Cobblestone-covered hills, colorful azulejo tiles, and famous pastel de nata pastries—a visit to Lisbon is not one to miss. Experience everything Portugal’s capital has to offer on our trips to Lisbon.
Lisbon was filled with color, energy, beautiful sights, friendly people and more cafes than I could count. City, country and waterviews. Our local city guides provided unique insight into the history and people of each place we visited.
It was delightful spending 3 nights in these 3 cities, which gave us free time to explore on our own. We had an excellent tour director, Leonor who was very informative throughout our entire tour telling us about Portugal and Spain and the areas we would be seeing.
The tour was exceptional with comprehensive coverage of this fabulous, ancient country thanks to our knowledgeable tour director and tour guides. One outstanding experience in Lisbon was dinner in a private home.
Lisbon boasts hot summers and temperate winters, thanks to its coastal location. So, while there’s really no bad time to go, the best time of year to travel to Lisbon are:
The off-season. Lisbon is one of the warmer European capitals, so even in the off-season you’ll get nice weather and sunshine. The off-season also means fewer crowds, so you’ll have a more authentic experience and see the sights more easily.
Summertime. While Lisbon really shines in the off-season, don’t count a summer visit out. After all, Lisbon is right on the coast. Just keep in mind that, as with any European capital, warmer months and bigger crowds usually go hand-in-hand. So, if you’re happy to be there during a busier time of year, then any of our trips to Lisbon in the summer are perfect for you.
What are the top attractions to see in Lisbon?
Some of the top things to do on tours of Lisbon, Portugal include:
Jerónimos Monastery. This UNESCO World Heritage site located in the Belém neighborhood boasts beautiful architecture and ocean views.
Praça do Comercio. Lisbon’s main square is surrounded on three sides by fantastical yellow buildings and has a stairway leading out to the Tagus River.
Tower of Belém. This landmark shines on Lisbon’s waterfront, and paying it a visit is like stepping into the city’s maritime heritage. It was built in the early 1500s, and stood as one of the city’s defenses. Past visitors include famous explorers Vasco da Gama and Ferdinand Magellan.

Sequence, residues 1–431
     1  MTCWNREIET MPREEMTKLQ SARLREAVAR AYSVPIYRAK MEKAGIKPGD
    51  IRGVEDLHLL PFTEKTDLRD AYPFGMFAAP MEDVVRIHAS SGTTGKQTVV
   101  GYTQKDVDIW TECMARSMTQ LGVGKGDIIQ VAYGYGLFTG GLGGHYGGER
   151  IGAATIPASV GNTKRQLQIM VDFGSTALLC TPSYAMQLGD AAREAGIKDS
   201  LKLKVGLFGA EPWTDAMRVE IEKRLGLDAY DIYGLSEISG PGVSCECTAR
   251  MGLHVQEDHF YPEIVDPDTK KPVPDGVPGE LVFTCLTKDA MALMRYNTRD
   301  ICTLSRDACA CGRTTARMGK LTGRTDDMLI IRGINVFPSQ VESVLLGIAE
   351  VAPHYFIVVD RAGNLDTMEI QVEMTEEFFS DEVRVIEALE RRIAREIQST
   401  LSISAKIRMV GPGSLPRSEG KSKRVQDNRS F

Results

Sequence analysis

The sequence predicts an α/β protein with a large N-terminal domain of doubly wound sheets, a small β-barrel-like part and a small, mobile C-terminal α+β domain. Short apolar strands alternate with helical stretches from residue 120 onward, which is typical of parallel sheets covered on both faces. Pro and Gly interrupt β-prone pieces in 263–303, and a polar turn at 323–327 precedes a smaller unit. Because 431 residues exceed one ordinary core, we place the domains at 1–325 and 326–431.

The Monument to the Discoveries. This towering white sculpture makes Lisbon’s riverfront even more photo-worthy. This 1940s landmark depicts various explorers, and while it’s relatively new compared to some of Lisbon’s other sites, you don’t want to count it out.
Bairro Alto, or the Old Town. With all its history, shops, and restaurants, this district is one of Lisbon’s top attractions.
The Alfama neighborhood. This is the oldest neighborhood in Lisbon, and it served as the city center back when the Moors controlled the land. You’ll find the area has a look and feel all its own. There’s a maze of narrow side streets with stunning lookout spots of the river.
What are some interesting things to do on a trip to Lisbon?
Our Lisbon tour packages include plenty of interesting things to do, along with free time to explore on your own. Here are some of the things we recommend doing during free time:
Take a ride on the Santa Justa Lift. This seven-story viewing platform boasts beautiful views, and is also the quickest route between the Bairro Alto district and the Baixa neighborhood.
Sip wine at Lisbon Winery. Book a tasting event as a private tour or a group event. You’ll learn a lot, drink a lot, and have a great time.
Explore the world’s oldest bookshop. Libraria Bertrand is the oldest bookshop still in operation. With towers of books of all kinds, it’s a must-visit for any bibliophile.
Walk the ruins of ancient Carmo. One of the deadliest earthquakes in history struck Lisbon in 1755, destroying the city. Today, you can walk the ancient Carmo covent and church, and look up at the sky through its ruined arches.
What are some common dishes to order in Lisbon?
No trip to Lisbon is complete without trying some of the incredible seafood. While on tour, you’ll see the phrase “pratos do dia.” This means “plate of the day,” and it’s a must-try if you’re a seafood fan. Local fisherman bring back fresh hauls every morning, so every pratos do dia is unique.
If seafood isn’t your thing, you should try caldo verde, a classic Portuguese soup made with potatoes, kale, and sliced chorizo.
For dessert, order pastel de natas, or traditional egg custard tarts. Travelers on our Lisbon tours often say is the best part of their entire trip.
What should I know before visiting Lisbon?
If you’re planning a trip to Lisbon, the main thing to know is that while Spanish is very similar to Portuguese, locals might consider it rude if you fall back on your Spanish. The two languages may seem interchangeable, but the most polite thing to do is give the country’s actual language your best try when possible. We’ve made it easy with this list of essential Portuguese phrases to know.
Also, the best way to get around on our Lisbon tours is on foot. However, the city can be fairly hilly, so bring a couple pairs of comfortable shoes and a reusable water bottle. Wondering what else to pack for a tour in Lisbon? Check out our Lisbon Travel Guide.
What are the benefits of choosing guided tours to Lisbon?
When you choose Lisbon guided tours, you get the luxury of being escorted to all of the top sites, without having to do any of the planning. Plus, you won’t have to worry about transportation. Our Lisbon tour packages like Porto, the Algarve & Lisbon, include carefully curated trips and excursions, alongside days of free time to explore on your own.